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A SNP-by-SNP Approach Could Leave One Clueless

Image: Courtesy of Stephen B. Liggett UN-BALANCING ACT: The figure depicts linkage disequilibrium between ß2-AR SNPS. Genotypes from Caucasians were determined at 13 loci and the degree of linkage disequilibrium between SNPs was calculated. The site at -406 was monomorphic in the Caucasian sample. The promise of pharmacogenetics will not be realized easily. To date, most studies have focused on individual SNPs (single nucleotide polymorphisms), or perhaps a few, but none have consi

Jim Kling
Image: Courtesy of Stephen B. Liggett
 UN-BALANCING ACT: The figure depicts linkage disequilibrium between ß2-AR SNPS. Genotypes from Caucasians were determined at 13 loci and the degree of linkage disequilibrium between SNPs was calculated. The site at -406 was monomorphic in the Caucasian sample.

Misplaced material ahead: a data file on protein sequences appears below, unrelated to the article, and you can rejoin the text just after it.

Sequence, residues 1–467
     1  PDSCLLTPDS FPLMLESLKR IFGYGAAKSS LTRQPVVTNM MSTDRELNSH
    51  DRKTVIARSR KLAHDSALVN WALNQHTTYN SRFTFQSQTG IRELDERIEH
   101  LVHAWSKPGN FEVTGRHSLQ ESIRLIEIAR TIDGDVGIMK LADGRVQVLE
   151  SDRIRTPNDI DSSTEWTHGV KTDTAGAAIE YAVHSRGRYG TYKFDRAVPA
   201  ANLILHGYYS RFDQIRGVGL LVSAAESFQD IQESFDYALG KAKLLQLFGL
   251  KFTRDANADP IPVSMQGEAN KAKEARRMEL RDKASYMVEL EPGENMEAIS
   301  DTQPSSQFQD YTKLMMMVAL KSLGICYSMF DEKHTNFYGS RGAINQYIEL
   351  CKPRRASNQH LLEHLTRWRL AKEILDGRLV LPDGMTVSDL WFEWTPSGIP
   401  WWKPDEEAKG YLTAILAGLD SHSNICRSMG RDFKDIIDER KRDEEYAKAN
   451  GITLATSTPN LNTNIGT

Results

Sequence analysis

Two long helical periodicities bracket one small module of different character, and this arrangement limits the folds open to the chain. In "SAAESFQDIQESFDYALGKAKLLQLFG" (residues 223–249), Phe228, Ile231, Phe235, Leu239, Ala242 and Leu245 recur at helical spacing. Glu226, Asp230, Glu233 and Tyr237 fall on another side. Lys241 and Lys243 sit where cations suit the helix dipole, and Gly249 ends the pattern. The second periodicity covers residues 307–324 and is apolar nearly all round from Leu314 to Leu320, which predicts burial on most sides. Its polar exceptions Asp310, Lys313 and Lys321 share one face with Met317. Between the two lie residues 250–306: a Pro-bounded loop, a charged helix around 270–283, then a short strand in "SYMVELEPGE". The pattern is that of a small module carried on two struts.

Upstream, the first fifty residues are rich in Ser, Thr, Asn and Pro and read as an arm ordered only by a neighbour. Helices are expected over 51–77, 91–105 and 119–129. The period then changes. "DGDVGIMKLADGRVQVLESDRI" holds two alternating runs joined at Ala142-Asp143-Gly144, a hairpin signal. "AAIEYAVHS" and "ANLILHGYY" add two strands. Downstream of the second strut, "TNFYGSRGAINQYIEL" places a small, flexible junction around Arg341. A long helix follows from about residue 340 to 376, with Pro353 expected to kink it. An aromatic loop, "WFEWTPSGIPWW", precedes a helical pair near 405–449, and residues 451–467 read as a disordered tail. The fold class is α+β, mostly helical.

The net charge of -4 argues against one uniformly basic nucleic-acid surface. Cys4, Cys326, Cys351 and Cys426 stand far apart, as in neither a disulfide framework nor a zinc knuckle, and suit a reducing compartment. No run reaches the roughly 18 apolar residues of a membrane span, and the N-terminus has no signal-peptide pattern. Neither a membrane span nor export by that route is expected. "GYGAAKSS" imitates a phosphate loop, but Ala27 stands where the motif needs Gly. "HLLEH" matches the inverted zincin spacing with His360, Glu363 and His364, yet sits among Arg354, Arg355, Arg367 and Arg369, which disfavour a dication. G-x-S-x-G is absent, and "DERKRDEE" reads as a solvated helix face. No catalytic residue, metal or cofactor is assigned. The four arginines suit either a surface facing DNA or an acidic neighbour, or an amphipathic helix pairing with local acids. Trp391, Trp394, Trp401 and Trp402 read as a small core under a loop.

The promise of pharmacogenetics will not be realized easily. To date, most studies have focused on individual SNPs (single nucleotide polymorphisms), or perhaps a few, but none have considered the potentially complex interactions between SNPs on the same gene. That one-at-a-time approach could cause researchers to miss important clues, says Stephen B. Liggett, professor of medicine and molecular genetics, University of Cincinnati College of Medicine. Liggett and his team published results in this Hot Paper showing that multiple SNPs on a single gene can cause functional changes.1

Liggett says he was puzzled by studies such as one involving the a2-adrenergic...

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